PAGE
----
|Estimate (beta)||Standard error||Odds ratio||95% confidence interval||P||VIF|
|ECSA (inhibitory control)||-0.24||0.12||0.78||0.62-0.99||0.049||2.984|
|ECSA (activation control)||0.04||0.08||1.04||0.89-1.23||0.572||3.057|
|ECSA (attentional control)||0.13||0.10||1.14||0.94-1.37||0.18||2.641|
|Duration of gambling||0.06||0.07||1.06||0.93-1.22||0.364||4.370|
Table 3: Factors associated with the presence or absence of repeated gambling -multivariate analysis. VIF: Variance inflation factors
The male-to-female ratio of gambling disorder is approximately 6:1 (86% in male and 14% in female) in Japan (Ministry of Health, Labour and Welfare), and the number of female who participates in GA is less than that that of male. Therefore, female participants in this study were also too small, and we could not assess the differences in characteristics between male and female with gambling disorder.
The multivariate analysis identified two factors associated with repeated gambling, i.e., GSES (self-efficacy) and ECSA (inhibitory control). Self-efficacy is “the expectation of whether one can properly perform an action,” an antecedent factor of an action, and a cognitive variable determining a person’s behavior . The results of this study revealed that self-efficacy was significantly higher in the non-repeated gambling group than in the repeated gambling group. “Modeling” and “successful experience” are said to be effective factors that increase self-efficacy . Namely, it is easily imaginable that members who began to participate in GA could not control their desire for gambling, had social problems such as false words and actions and multiple debts, were not trusted by their families or people at their workplaces, and lived with the loss of confidence and anticipatory anxiety. Those who did not gamble again were likely to begin to expect that “they might be able to stop gambling” by encountering “senior members” (models) in GA meetings, who had similar experiences but continuously quitted gambling, thereby getting rid of anticipatory anxiety and increasing self-efficacy. Furthermore, it is also suggested that these members increased self-affirmation and self-efficacy by repeated “successful experiences,” while imitating (modeling) the method to overcome gambling disorder. Increased self-efficacy seemed to allow them to perform appropriate coping behavior and problem-solving behavior even under impulsive desire for gambling.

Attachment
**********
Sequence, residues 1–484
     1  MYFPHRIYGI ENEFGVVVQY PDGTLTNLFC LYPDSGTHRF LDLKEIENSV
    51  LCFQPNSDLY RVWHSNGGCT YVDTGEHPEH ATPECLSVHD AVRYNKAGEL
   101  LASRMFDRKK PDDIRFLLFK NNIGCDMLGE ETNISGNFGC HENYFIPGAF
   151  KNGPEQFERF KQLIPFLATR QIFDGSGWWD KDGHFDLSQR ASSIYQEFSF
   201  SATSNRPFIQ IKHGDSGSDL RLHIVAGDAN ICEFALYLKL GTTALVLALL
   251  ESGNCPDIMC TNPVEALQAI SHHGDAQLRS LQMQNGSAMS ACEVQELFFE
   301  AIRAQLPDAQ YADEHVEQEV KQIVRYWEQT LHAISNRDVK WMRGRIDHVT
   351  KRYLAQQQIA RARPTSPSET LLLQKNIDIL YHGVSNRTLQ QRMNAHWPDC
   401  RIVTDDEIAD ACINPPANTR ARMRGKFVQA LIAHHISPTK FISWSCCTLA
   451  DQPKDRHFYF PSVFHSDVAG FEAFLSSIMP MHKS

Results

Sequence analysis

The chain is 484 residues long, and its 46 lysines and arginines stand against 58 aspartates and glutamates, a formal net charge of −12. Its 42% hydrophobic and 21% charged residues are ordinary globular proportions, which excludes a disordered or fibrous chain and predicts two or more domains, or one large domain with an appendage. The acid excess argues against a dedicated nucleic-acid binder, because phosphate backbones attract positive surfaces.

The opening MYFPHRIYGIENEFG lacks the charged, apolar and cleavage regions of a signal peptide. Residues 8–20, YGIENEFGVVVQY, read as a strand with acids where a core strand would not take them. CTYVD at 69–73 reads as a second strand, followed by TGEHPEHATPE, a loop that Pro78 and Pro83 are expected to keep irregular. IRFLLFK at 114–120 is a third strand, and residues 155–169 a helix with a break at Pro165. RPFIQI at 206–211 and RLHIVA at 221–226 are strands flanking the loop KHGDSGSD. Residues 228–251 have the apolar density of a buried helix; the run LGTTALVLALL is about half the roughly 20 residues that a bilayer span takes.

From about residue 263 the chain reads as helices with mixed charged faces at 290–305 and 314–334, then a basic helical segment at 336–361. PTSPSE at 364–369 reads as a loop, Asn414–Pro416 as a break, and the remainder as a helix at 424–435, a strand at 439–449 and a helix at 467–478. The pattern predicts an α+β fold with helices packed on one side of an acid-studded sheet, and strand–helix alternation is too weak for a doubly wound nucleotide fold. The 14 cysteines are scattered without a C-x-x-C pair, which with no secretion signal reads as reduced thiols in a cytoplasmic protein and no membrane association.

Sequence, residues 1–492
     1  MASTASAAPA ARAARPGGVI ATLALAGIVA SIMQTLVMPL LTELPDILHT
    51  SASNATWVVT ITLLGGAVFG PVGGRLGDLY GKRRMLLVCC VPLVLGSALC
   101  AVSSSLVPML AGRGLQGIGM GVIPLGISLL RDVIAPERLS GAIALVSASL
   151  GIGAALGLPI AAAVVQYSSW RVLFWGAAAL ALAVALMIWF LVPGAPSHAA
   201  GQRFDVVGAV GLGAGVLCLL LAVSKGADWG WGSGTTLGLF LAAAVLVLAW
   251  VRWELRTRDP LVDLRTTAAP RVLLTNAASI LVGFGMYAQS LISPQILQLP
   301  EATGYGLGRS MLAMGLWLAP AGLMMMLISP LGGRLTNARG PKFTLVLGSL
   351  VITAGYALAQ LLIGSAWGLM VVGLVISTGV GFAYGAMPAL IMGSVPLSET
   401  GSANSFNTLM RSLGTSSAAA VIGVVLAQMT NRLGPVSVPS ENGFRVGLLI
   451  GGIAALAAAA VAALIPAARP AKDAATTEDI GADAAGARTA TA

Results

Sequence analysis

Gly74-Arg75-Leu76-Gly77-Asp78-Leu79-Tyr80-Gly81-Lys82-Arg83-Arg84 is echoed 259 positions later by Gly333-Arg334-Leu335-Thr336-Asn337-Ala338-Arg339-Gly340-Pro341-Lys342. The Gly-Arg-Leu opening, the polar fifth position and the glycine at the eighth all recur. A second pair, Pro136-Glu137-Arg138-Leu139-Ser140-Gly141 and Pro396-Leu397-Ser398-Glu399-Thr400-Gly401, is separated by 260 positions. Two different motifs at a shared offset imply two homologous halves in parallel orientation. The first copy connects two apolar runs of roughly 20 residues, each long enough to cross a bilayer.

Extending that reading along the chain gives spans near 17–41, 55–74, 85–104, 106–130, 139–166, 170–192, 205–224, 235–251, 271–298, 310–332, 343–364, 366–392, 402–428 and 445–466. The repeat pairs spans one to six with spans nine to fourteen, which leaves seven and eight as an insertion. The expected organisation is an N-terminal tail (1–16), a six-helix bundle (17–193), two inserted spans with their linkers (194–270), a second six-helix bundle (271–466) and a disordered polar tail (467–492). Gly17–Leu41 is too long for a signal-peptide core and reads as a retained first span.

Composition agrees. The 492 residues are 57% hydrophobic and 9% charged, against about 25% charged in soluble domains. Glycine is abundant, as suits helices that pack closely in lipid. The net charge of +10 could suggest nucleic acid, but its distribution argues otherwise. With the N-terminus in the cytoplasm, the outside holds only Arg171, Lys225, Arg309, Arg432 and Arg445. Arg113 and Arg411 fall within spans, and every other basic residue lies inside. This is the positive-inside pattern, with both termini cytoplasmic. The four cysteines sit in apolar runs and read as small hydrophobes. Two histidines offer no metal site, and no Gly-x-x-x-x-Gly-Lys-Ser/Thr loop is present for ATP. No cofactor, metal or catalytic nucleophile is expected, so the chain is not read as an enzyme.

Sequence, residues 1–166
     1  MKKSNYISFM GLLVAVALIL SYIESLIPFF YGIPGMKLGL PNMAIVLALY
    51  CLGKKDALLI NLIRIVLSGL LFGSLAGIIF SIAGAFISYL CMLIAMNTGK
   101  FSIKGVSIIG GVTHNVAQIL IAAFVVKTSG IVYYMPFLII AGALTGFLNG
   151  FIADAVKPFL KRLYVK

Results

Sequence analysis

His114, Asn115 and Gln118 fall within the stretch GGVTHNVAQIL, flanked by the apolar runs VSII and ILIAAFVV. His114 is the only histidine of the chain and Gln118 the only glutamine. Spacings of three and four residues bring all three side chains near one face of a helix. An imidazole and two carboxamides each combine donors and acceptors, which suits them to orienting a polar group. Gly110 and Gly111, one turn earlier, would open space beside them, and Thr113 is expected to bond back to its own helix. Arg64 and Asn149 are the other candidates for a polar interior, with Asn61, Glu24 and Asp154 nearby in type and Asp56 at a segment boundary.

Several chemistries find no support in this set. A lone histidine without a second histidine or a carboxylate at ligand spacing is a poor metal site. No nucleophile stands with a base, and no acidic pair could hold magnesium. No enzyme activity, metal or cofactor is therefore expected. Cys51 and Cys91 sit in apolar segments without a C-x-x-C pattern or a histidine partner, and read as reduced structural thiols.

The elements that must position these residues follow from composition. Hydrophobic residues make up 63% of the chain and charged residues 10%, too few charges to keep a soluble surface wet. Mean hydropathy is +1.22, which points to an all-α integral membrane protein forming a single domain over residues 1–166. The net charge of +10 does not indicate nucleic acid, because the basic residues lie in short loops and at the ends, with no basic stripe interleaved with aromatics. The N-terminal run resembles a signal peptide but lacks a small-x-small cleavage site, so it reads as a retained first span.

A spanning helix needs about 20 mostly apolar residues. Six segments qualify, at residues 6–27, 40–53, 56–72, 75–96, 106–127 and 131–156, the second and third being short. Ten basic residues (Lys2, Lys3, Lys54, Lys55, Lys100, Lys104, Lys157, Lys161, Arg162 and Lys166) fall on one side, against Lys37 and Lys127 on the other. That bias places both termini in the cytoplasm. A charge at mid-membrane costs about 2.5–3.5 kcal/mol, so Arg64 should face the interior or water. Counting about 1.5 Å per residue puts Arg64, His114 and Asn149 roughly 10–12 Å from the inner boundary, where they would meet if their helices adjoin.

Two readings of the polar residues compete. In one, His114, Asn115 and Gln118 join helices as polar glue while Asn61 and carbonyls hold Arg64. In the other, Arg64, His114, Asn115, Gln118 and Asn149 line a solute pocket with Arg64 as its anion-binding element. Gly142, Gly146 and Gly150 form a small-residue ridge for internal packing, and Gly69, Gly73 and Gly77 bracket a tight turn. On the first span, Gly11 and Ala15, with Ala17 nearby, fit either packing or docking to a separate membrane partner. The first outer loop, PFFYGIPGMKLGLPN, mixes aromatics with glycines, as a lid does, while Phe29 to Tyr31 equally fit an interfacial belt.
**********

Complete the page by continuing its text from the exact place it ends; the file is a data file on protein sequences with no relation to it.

On the other hand, however, not all participants could continuously quit repeated gambling after participating in GA, and 56.9% of the participants gambled again. Approximately half of these participants (29.3% of all participants) gambled again once or twice, but 15.5% were habitual and gambled again 10 times or more. These subjects in the repeated gambling group might originally have had low self-efficacy and had not changed after participation, resulting in repeated gambling. However, it could not be determined whether this was the case from this survey alone. Even if these subjects gamble repeatedly, continuous participation in GA may reduce the possibility of having social problems such as multiple debts like before, and allow them to increase self-efficacy through “successful experience.